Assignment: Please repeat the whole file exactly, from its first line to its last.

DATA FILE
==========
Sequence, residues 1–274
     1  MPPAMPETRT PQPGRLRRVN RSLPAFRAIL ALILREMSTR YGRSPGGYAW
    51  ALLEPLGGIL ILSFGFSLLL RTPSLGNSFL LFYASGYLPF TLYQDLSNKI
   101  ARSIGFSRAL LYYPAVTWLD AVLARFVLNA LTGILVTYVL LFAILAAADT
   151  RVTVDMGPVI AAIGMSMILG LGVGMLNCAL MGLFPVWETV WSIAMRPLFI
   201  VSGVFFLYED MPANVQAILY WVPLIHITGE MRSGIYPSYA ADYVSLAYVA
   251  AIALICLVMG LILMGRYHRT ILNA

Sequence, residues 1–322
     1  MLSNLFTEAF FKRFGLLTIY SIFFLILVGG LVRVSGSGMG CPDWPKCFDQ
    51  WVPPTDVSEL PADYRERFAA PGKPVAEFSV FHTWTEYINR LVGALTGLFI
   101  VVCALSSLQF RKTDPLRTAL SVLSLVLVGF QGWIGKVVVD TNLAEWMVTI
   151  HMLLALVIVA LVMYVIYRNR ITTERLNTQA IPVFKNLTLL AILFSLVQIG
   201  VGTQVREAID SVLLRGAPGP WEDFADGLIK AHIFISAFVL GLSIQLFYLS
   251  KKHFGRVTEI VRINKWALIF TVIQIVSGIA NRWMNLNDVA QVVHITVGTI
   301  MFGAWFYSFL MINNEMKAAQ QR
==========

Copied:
Sequence, residues 1–274
     1  MPPAMPETRT PQPGRLRRVN RSLPAFRAIL ALILREMSTR YGRSPGGYAW
    51  ALLEPLGGIL ILSFGFSLLL RTPSLGNSFL LFYASGYLPF TLYQDLSNKI
   101  ARSIGFSRAL LYYPAVTWLD AVLARFVLNA LTGILVTYVL LFAILAAADT
   151  RVTVDMGPVI AAIGMSMILG LGVGMLNCAL MGLFPVWETV WSIAMRPLFI
   201  VSGVFFLYED MPANVQAILY WVPLIHITGE MRSGIYPSYA ADYVSLAYVA
   251  AIALICLVMG LILMGRYHRT ILNA

Sequence, residues 1–322
     1  MLSNLFTEAF FKRFGLLTIY SIFFLILVGG LVRVSGSGMG CPDWPKCFDQ
    51  WVPPTDVSEL PADYRERFAA PGKPVAEFSV FHTWTEYINR LVGALTGLFI
   101  VVCALSSLQF RKTDPLRTAL SVLSLVLVGF QGWIGKVVVD TNLAEWMVTI
   151  HMLLALVIVA LVMYVIYRNR ITTERLNTQA IPVFKNLTLL AILFSLVQIG
   201  VGTQVREAID SVLLRGAPGP WEDFADGLIK AHIFISAFVL GLSIQLFYLS
   251  KKHFGRVTEI VRINKWALIF TVIQIVSGIA NRWMNLNDVA QVVHITVGTI
   301  MFGAWFYSFL MINNEMKAAQ QR